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Hasten our doom by teaching machines to think with StarCraft 2’s new AI tools


Want to help develop sentient machines and usher in the destruction of the human race? Blizzard and Google’s DeepMind have got you: as part of their StarCraft-based collaboration on AI research, they’re releasing an API that will enable anyone to contribute to the project.

What other strategy games would you like to train to kill us all?

The API provides “powerful tools for researchers, gamers, and hobbyists to utilise [StarCraft II] as a platform to further advance the state of AI research,” say Blizzard.

It will run at scale in cloud infrastructure, so others can benefit from your work, and enable you to experiment with both learning-based AI and scripted AI to build new tools. Whether you’re a StarCraft II player looking for a cleverer enemy, or an AI hobbyist eager to build a tyrannical machine-god, the new release should give you the tools to make and share something useful.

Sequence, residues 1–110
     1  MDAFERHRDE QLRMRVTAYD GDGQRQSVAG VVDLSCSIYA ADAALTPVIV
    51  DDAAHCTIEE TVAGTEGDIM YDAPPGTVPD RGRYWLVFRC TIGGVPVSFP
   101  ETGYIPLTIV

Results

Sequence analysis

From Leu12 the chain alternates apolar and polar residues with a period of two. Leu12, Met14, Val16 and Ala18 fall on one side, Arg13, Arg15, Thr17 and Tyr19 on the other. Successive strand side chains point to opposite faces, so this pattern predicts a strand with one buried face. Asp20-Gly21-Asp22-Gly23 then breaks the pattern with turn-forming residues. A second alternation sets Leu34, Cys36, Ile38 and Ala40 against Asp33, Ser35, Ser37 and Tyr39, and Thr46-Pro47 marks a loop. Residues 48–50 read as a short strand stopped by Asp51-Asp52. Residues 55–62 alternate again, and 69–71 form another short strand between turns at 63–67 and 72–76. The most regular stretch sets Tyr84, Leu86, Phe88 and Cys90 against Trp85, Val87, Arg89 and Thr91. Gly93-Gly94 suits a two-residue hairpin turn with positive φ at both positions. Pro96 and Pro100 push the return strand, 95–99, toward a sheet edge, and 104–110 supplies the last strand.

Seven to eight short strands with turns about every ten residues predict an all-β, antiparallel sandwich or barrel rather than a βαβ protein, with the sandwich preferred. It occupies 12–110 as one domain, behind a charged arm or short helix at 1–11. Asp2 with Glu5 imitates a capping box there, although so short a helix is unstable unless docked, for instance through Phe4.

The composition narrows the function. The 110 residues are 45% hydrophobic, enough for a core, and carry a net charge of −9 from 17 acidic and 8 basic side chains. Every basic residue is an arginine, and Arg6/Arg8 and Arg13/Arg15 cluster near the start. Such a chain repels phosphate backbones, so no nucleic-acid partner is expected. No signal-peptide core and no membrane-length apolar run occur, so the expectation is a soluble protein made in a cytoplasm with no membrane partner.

“Ultimately, it will be your creativity, ingenuity, and hard work that will dictate where this all leads, and we’re excited to see the direction the AI community will take this in,” say Blizzard.

According to DeepMind, today’s release includes:

  • A machine learning API developed by Blizzard that gives researchers and developers hooks into the game. This includes the release of tools for Linux for the first time.
  • A dataset of anonymised game replays, which will increase from 65k to more than half a million in the coming weeks.
  • An open source version of DeepMind’s toolset, PySC2, to allow researchers to easily use Blizzard’s feature-layer API with their agents.
  • A series of simple RL mini-games to allow researchers to test the performance of agents on specific tasks.
  • A joint paper that outlines the environment, and reports initial baseline results on the mini-games, supervised learning from replays, and the full 1v1 ladder game against the built-in AI.

Fed up with life as we know it? You can grab the APIand DeepMind’s PySC2 toolset from GitHub. DeepMind ask that you cite their release paperon anything you publish with these tools. Check out their blog postfor more details on the tools and the kinds of challenges they’re hoping to solve.